by Dustin Atlas
Last week, the Center for Architecture offered a week-long Summer Program for middle school students to investigate the architectural topics of theater and set design. Students had the opportunity to imagine and build a scale model of a theater before setting the stage for a production of their choice. This program was led by School Programs Coordinator Dustin Atlas, who shared insight from his personal experience with set design. Students were challenged to consider the dynamic program of the entire space, questioning how different participants (actors, audience members, designers) engage with the various elements of a theater. Inspired by the ideas presented in the current exhibition, Designing Waste: Strategies for a Zero Waste City, our students were also asked to look at the world of theater through an environmental lens. We were able to facilitate this conversation by teaming up with the Broadway Green Alliance, an organization dedicated to helping theater professionals establish environmentally-friendly work practices.
The Broadway Green Alliance (BGA) was excited by the opportunity to collaborate with our students and generously invited our group to visit the Gershwin Theater, home to Wicked, to see how some of these green initiatives have made a significant impact. We were met by Emily Harrington and Alice Stevenson from the BGA, who shared some of their recent initiatives. Some ideas that could be replicated in a school theater department, such as setting up a costume/textile drive or recycling script binders from production to production.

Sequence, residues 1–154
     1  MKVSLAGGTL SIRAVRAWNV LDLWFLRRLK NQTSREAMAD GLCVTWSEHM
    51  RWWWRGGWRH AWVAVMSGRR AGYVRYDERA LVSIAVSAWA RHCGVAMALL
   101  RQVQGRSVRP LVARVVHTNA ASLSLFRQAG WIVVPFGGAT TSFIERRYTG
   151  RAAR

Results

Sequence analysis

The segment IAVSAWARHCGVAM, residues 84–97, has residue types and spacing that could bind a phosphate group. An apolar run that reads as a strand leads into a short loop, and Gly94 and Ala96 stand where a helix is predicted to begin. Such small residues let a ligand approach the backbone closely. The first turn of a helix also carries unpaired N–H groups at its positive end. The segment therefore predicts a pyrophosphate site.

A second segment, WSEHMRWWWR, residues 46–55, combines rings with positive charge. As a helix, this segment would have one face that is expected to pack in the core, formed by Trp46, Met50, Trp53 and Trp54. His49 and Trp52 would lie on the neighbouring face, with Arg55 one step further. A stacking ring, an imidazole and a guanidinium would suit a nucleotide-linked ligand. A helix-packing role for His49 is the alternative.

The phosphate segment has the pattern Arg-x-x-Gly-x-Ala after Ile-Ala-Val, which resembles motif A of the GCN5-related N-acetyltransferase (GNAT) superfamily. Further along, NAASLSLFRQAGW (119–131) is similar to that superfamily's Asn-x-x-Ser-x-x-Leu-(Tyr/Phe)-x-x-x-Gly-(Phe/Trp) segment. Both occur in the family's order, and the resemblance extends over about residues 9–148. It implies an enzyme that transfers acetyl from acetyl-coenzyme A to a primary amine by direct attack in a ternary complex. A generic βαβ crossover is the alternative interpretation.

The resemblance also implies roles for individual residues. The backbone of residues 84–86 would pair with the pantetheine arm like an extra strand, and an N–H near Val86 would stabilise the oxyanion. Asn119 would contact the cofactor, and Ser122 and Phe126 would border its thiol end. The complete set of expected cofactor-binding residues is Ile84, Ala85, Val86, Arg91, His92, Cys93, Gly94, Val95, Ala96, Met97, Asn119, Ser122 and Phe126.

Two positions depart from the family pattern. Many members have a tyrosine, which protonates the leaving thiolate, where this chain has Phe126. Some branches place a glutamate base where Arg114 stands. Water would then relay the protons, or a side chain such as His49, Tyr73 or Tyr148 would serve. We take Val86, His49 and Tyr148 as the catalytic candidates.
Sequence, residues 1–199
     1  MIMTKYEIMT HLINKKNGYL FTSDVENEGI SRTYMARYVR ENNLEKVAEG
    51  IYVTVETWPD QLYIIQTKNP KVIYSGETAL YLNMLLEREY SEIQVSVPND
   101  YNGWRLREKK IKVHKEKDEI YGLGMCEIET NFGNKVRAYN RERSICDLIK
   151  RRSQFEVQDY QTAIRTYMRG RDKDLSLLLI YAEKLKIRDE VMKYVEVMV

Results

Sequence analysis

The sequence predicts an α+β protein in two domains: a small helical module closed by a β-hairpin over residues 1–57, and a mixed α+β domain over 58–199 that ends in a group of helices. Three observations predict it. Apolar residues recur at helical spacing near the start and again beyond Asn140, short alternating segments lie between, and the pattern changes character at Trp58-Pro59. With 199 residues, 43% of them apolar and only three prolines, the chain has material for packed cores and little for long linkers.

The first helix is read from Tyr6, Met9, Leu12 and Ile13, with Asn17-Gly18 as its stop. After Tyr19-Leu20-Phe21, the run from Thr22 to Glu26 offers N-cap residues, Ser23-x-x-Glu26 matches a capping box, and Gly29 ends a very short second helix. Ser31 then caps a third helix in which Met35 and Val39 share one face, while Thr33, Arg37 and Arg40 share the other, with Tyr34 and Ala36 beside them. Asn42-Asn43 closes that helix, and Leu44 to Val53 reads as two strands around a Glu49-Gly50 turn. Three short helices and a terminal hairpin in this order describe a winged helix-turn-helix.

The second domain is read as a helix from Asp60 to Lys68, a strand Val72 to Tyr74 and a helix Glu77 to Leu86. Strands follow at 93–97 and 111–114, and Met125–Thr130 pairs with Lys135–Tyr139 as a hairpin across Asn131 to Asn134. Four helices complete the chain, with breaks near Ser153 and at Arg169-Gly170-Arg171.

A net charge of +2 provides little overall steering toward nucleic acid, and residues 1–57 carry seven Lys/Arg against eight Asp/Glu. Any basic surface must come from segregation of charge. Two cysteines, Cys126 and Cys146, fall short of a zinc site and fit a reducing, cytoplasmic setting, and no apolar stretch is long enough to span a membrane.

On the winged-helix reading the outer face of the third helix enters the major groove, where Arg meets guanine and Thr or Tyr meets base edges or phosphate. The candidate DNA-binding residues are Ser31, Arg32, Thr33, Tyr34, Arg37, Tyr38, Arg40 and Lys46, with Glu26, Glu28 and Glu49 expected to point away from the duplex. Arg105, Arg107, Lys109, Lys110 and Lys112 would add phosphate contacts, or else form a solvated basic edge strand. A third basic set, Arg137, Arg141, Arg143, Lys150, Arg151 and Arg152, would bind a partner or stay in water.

As we toured the Gershwin, we were met by Susan Sampliner, Company Manager at Wicked and Co-Chair of the BGA. She showed us details of the set that were designed to create a more intimate theater experience in an otherwise very large auditorium. She also offered our students a chance to look backstage to see various mechanical systems at work. During our tour, we also spoke with cast member Larkin Bogan who serves as Wicked’s Green Captain. In this role, he is tasked with communicating green efforts to other cast members.
Neil McShane, the Gershwin Theater Electrician, also spoke with our group to share some of the technical responses to going green on Broadway. He helped us understand how one small change can make a huge impact when you recognize it will be repeated eight times a week. For example, Wicked used to go through 15,000 disposable batteries a year to power their mics and flashlights. Now they are able to run the entire production with fewer than 100 reusable batteries. Similarly, they have replaced their lighting on and off stage with energy-efficient options. But, if our students were to design a theater from the ground up, he said the key to a really green design would be to create an efficient HVAC system that doesn’t work to heat/cool the entire theater when only one portion is being used. Our students really enjoyed this visit and introduced some of these ideas into their own designs over the course of the week.